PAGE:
US Food and Drug Administration (FDA) plans to allow some variation in the delivery devices used with biosimilars appears to create a chance for generics players to gain share by improving on the original. Teva has noted the opportunity.
“[Device flexibility] allows me to create some features and benefits of my own that can help with the product. That makes a lot of sense”, William Marth, CEO of Teva North America, said at the Barclays Capital Global Healthcare Conference.
Marth compared the flexibility to the generic injectables sector, in which the Israeli generic giant has used different formulations, such as wet instead of a lyophilised. Using this approach allowed Teva to “create an opportunity for [itself] and actually create a better product for the end user”, Marth said.
Similar thinking is “resident within the thought process of biosimilars”, which Marth said is important for companies entering the emerging sector. As well as allowing for “some design differences in the delivery device” the FDA draft guidance permits variations in the formulation used for biosimilars.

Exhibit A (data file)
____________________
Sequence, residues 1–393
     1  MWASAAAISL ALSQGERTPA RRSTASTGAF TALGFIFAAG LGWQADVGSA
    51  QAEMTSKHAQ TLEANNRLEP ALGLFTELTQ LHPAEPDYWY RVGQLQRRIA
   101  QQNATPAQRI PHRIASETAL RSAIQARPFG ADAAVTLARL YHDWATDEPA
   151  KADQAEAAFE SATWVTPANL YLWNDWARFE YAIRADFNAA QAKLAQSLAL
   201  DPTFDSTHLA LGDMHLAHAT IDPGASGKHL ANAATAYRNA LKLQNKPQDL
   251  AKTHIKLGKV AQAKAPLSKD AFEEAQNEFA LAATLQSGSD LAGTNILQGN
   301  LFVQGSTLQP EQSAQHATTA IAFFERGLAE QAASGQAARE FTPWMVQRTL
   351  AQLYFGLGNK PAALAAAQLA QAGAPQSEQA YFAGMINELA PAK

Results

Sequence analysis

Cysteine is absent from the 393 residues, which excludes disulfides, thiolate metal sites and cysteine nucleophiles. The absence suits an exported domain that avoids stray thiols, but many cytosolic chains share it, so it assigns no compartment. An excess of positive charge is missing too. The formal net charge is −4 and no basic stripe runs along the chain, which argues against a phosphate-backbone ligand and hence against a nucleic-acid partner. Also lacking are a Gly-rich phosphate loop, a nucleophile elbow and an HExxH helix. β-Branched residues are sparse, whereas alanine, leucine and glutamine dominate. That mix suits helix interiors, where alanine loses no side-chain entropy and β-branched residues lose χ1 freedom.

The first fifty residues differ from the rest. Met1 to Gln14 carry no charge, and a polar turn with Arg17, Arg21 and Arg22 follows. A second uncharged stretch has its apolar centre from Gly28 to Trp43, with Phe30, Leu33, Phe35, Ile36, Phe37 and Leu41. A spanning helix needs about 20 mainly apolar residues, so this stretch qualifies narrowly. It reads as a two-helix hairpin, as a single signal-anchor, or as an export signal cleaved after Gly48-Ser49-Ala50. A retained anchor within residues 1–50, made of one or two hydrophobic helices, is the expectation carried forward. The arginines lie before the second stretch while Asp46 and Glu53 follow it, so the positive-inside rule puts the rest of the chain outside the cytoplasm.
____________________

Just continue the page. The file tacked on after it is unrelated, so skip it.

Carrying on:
Marth said aspects of the draft guidance left Teva “pleasantly surprised” but “it really hasn’t changed our thinking a whole lot”. A true impression of what the FDA wants will only emerge though as the draft is commented on and companies talk to the Agency about taking drugs along the pathway.
To find out if the pathway is right for biosimilars being developed by Teva it will “spend some time digging”. The complexity of biosimilars means the process, and development of the market, will take time,
“This is something that’s going to develop over years, maybe a decade for us to really get where we need to be”, Marth.